How would I pick $a,b,c$ to create a line that is parallel to $z$-axis and intersects $x$-axis at point $x=k, y=0, z=0$?

$$ ax+by+cz=d $$

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    $\begingroup$ Your equation $ax+by+cz=d$ is for a plane $\endgroup$ – J. W. Tanner Mar 12 at 13:06
  • $\begingroup$ Possible duplicate of What is the equation for a 3D line? $\endgroup$ – Brian Mar 12 at 13:07
  • $\begingroup$ I'm asking what's the special case for a line equation that's orthogonal to both x-axis and y-axis. and k units distance from z-axis. $\endgroup$ – DiscreteMath Mar 12 at 13:10
  • $\begingroup$ $ax + by + cz = d$ is the equation of a plane in $\mathbb{R}^3$. To define a line you need two linear equations - the line is then the intersection of the two planes. In this case the two planes are $x=k$ and $y=0$.. $\endgroup$ – gandalf61 Mar 12 at 13:13
  • $\begingroup$ So for example the following: $$(x,y, z) = (1/2, 0, t)$$ is a line orthogonal to xy-plane and parallel to z-axis? $\endgroup$ – DiscreteMath Mar 12 at 13:17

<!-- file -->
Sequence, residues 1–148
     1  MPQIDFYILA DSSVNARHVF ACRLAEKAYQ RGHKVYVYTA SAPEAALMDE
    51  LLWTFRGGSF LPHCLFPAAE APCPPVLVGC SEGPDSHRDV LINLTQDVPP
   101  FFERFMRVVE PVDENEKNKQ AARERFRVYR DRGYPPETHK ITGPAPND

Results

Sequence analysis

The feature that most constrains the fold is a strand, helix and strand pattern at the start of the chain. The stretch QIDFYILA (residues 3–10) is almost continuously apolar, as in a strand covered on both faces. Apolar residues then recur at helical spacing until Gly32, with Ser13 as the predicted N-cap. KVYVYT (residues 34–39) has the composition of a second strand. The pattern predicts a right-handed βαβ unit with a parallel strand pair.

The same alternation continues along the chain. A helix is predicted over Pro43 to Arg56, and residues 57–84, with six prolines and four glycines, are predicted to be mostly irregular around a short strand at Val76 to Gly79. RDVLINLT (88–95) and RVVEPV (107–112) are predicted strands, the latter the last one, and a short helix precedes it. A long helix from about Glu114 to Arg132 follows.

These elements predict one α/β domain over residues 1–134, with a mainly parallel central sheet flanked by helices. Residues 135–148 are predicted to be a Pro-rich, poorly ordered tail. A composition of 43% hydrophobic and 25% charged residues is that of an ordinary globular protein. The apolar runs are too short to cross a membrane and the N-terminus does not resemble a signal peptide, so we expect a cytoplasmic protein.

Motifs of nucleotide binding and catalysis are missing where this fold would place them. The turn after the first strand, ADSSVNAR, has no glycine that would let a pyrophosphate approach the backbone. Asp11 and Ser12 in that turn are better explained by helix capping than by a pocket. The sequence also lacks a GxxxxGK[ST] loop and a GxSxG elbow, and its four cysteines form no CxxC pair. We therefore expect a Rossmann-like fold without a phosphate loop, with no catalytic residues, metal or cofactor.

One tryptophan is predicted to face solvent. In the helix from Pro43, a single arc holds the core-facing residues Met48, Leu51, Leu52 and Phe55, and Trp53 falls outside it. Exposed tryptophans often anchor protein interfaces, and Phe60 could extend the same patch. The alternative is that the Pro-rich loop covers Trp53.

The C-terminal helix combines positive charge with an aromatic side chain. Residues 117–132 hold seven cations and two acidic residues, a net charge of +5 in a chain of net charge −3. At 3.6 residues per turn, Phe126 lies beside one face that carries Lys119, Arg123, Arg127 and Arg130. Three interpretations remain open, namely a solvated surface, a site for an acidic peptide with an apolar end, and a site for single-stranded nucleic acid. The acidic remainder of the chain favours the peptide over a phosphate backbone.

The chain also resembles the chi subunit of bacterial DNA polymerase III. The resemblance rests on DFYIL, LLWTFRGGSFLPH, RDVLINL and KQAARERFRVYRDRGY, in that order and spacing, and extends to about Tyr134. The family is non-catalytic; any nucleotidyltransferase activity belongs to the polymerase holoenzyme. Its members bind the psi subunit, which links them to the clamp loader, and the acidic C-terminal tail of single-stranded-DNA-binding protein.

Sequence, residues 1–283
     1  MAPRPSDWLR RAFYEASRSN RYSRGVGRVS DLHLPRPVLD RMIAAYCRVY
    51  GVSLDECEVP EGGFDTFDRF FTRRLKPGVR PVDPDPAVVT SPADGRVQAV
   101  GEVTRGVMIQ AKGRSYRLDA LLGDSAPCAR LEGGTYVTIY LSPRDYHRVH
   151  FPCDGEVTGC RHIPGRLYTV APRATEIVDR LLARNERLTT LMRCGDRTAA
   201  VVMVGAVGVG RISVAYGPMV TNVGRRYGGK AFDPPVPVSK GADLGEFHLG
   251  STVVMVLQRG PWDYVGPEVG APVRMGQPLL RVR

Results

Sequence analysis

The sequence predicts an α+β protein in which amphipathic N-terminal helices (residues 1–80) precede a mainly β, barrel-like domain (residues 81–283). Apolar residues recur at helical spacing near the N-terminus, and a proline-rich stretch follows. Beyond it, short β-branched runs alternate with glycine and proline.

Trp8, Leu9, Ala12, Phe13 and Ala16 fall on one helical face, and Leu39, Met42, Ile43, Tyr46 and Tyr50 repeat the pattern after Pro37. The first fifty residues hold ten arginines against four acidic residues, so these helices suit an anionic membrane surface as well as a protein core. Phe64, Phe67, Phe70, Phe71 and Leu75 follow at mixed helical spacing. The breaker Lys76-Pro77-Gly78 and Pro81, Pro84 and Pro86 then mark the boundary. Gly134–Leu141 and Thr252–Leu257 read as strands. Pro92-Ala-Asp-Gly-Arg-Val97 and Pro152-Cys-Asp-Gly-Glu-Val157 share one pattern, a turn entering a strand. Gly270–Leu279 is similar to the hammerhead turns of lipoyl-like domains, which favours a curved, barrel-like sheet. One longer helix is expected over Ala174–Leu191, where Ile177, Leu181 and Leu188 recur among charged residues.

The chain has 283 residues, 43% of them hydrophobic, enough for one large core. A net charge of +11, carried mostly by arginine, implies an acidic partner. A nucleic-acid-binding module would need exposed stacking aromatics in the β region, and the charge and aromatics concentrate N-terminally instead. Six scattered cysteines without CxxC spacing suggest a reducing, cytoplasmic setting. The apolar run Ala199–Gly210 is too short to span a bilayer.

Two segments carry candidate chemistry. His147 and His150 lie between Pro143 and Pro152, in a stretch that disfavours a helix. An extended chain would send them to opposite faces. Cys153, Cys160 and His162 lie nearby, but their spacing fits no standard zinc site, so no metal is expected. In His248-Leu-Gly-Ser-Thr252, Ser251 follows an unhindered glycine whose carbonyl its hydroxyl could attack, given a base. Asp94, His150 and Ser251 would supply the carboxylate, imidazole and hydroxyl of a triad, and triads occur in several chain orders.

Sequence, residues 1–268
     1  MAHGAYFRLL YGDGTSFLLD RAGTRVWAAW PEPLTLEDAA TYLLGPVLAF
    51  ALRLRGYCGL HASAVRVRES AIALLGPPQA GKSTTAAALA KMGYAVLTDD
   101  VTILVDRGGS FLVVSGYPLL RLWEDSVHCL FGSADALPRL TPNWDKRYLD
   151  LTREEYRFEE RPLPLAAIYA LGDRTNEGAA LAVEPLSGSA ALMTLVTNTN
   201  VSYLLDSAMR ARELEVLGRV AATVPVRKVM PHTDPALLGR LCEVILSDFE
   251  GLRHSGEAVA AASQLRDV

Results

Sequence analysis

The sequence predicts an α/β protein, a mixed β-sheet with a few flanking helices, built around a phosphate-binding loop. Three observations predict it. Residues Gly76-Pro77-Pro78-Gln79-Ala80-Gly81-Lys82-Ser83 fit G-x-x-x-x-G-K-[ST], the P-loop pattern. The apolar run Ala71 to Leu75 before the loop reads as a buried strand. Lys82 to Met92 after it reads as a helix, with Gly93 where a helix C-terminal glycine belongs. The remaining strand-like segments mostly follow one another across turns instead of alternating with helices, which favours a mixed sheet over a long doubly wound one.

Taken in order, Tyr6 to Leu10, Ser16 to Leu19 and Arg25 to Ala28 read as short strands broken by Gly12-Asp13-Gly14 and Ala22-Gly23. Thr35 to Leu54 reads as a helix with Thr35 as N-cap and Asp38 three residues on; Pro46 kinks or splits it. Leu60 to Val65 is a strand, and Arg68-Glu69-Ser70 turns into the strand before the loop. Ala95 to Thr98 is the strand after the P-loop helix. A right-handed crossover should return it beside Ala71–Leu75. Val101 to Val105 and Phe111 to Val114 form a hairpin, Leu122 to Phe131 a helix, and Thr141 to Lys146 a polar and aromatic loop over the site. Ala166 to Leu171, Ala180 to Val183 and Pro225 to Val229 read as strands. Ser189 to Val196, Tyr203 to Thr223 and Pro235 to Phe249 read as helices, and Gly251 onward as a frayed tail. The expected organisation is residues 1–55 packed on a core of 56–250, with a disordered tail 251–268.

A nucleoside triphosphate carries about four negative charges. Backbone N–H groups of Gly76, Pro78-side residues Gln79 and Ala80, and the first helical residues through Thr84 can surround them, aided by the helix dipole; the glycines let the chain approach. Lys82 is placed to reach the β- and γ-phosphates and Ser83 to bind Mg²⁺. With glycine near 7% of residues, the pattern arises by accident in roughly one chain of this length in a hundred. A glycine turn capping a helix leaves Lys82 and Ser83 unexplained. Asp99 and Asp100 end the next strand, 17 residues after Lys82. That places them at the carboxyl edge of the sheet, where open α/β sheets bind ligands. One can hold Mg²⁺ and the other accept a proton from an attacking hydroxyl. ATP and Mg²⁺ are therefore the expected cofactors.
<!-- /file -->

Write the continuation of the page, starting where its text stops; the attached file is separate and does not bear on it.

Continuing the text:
Since, line passes through (k,0,0) and is parallel to z-axis so, the equation of line is $(x,y,z) = (k,0,0) + \alpha$(0,0,1), $\alpha \epsilon \mathbb{R}$

  • $\begingroup$ If i'm understanding correctly, its a "parametric vector equation" because otherwise you need a system of "n - 1" equations to describe a line in n-dimensions.. But, really a "parametric vector equation" is really a vector represents of 3 equations, where 1 of the equations is linearly dependent, and 2 are linearly independent, leading to a parametric variable "$\alpha$" in your case. (but, more commonly the variable "t") $\endgroup$ – DiscreteMath Mar 12 at 13:26

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